An Editor’s Overview

Signal to Noise

by Mike Dawson

When I first started playing drums, the challenge was finding enough credible content, whether in the form of method books, magazine articles, or instructional videos, to help me understand exactly what skills and tools I would need in order to become a professional musician. I bought whatever VHS tapes and drum methods my local music store carried, I borrowed every music history book and jazz CD my local library had available, and I practiced all of the exercises included in Modern Drummer each month. At times I may have gotten a bit obsessed with consuming and collecting information (did I really need to master a five-over-four foot ostinato?), but I never felt like I was being pulled too far off course.

These days, young drummers are navigating an entirely different landscape, one that’s saturated with information that’s instantly accessible via a single Google search. As amazing as the Internet is for researching and gathering up varying viewpoints on different topics, there’s a good chance that you’ll become overwhelmed with options to the point where you end up making less progress than if you focused on getting the most out of a single idea. The great drummer/educator Jojo Mayer touched on this concept at his recent clinic at the Percussive Arts Society International Convention. Jojo demonstrated how he applies limits to his practicing, such as adhering to a specific three-note pattern between the floor tom, snare, and kick, so that he would have to rely on dynamics to create interesting musical statements.

Another PASIC clinician, New York–based modern jazz drummer Marko Djordevic, talked about how he incorporates rules and guidelines when practicing drum solos to keep himself from falling back on habitual licks and tricks. His first rule was that he would use no preconceived patterns, grooves, or time signatures to formulate the content of his solo. Instead, he reacted and built upon whatever sounds he felt compelled to make on the kit that morning. The result on that day was an incredibly fresh, emotional, and exciting opening solo that told a unique story. In his second solo, Djordevic limited himself to a specific 5/16 riff in order to keep his ideas grounded and focused. Both examples showcased how important it is to establish rules and boundaries when engaging in the creative process to avoid chaos and confusion.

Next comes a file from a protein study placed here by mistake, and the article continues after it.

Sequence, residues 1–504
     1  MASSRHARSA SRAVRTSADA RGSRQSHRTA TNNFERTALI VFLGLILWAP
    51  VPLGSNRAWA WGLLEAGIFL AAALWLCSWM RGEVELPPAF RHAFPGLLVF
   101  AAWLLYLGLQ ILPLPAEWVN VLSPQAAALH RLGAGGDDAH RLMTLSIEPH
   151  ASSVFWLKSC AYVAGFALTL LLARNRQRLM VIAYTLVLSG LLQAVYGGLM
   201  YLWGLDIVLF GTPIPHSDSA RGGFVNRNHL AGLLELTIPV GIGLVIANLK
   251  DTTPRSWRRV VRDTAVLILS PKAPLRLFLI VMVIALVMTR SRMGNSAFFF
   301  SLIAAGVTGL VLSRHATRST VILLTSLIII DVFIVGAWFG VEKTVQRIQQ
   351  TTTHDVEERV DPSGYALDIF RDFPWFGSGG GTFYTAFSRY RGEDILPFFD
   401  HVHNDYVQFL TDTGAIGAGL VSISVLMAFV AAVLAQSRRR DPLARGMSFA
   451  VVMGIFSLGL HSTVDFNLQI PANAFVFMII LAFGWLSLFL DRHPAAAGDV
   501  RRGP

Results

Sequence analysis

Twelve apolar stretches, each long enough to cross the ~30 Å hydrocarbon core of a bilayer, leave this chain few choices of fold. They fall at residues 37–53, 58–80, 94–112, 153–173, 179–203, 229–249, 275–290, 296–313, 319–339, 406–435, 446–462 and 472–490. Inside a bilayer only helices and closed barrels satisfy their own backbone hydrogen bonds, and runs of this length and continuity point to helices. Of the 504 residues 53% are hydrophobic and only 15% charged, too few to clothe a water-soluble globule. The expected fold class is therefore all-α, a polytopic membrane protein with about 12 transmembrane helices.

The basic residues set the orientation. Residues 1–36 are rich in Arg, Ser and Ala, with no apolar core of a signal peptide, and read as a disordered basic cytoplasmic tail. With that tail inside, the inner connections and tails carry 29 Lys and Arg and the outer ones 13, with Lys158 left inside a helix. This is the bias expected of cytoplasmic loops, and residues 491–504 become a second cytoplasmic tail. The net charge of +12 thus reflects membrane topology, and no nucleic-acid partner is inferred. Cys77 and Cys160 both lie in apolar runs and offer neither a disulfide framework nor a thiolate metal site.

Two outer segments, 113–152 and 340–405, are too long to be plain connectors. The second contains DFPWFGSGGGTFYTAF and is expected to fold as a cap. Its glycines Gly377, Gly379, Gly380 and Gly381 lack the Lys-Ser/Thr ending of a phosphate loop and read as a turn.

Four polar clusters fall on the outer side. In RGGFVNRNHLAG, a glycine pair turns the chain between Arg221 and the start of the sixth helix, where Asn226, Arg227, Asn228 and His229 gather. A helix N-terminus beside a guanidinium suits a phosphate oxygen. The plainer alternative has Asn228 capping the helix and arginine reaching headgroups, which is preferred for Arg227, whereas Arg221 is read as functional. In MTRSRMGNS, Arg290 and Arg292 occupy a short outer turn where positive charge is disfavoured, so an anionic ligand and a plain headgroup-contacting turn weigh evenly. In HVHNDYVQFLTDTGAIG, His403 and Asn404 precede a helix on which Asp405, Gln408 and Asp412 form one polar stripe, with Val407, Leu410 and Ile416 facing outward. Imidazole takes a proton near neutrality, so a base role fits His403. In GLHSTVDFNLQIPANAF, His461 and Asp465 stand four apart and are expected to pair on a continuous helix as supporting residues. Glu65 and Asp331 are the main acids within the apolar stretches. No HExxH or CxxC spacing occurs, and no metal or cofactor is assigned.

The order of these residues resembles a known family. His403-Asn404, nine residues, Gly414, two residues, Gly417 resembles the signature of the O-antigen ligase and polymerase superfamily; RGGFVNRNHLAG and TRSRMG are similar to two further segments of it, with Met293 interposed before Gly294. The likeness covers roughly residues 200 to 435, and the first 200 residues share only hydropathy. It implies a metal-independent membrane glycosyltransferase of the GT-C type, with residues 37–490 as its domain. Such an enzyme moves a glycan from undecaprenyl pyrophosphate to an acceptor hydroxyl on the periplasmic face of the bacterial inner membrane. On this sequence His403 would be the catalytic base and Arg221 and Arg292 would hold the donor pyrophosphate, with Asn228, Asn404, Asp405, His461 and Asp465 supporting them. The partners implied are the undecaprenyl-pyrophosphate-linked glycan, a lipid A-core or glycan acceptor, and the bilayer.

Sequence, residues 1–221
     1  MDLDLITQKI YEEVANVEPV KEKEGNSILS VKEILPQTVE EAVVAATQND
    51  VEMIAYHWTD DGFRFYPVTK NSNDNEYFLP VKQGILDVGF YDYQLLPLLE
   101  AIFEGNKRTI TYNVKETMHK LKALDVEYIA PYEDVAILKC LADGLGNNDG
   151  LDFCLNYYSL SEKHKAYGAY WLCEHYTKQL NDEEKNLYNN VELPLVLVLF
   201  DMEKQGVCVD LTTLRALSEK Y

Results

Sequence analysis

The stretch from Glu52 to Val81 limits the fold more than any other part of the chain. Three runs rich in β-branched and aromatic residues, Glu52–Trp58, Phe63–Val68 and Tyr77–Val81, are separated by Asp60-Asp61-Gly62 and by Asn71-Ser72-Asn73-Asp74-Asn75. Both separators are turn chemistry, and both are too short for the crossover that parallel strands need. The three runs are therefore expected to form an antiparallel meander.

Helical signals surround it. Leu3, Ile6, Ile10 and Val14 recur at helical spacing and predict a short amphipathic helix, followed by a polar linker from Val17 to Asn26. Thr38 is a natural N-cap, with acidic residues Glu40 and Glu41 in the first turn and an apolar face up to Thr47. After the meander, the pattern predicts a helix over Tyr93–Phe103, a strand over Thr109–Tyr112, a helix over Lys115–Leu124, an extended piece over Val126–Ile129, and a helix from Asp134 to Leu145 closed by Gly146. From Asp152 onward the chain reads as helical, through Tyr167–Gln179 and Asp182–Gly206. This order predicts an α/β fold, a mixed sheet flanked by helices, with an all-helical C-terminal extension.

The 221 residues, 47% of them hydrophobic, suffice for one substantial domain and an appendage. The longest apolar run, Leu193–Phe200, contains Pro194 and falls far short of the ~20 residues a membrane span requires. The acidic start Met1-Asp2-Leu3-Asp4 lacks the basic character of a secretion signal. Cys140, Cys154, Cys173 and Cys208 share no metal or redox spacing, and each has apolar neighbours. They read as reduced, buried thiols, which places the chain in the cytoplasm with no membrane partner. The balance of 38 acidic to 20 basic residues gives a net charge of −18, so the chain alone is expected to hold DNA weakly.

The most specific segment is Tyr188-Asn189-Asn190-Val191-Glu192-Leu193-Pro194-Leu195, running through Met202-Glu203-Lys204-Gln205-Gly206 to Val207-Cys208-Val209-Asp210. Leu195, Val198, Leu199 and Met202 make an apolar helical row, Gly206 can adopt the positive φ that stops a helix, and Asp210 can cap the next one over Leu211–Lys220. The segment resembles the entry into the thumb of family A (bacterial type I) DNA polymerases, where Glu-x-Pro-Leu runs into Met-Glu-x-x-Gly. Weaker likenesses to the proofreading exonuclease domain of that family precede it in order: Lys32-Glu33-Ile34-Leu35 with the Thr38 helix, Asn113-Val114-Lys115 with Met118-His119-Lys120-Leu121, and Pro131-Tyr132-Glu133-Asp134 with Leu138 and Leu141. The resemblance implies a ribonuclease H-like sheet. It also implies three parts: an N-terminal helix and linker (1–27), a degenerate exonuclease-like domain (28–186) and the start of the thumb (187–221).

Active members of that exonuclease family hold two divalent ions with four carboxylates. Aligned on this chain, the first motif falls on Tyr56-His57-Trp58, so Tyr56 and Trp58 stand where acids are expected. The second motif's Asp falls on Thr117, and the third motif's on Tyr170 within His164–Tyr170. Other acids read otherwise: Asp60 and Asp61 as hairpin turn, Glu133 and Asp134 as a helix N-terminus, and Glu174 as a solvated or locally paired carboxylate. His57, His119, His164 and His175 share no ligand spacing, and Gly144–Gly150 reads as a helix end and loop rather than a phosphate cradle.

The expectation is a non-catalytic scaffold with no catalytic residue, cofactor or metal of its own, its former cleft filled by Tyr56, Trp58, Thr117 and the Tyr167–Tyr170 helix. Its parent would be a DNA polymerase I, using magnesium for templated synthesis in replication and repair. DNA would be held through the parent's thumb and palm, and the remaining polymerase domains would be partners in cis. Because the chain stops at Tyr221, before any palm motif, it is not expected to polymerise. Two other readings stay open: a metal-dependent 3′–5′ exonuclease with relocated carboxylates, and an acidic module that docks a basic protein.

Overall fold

In this issue, cover artist Stella Mozgawa of the genre-melding band Warpaint also touches on the need to instill limits to one’s art, which in her case goes as far as a self-imposed rule to only use her own drum samples in her SPD-SX pad so that she doesn’t become creatively paralyzed from having hundreds of sound libraries at her disposal. I dig that.

Enjoy the issue!

Mike Dawson

Managing Editor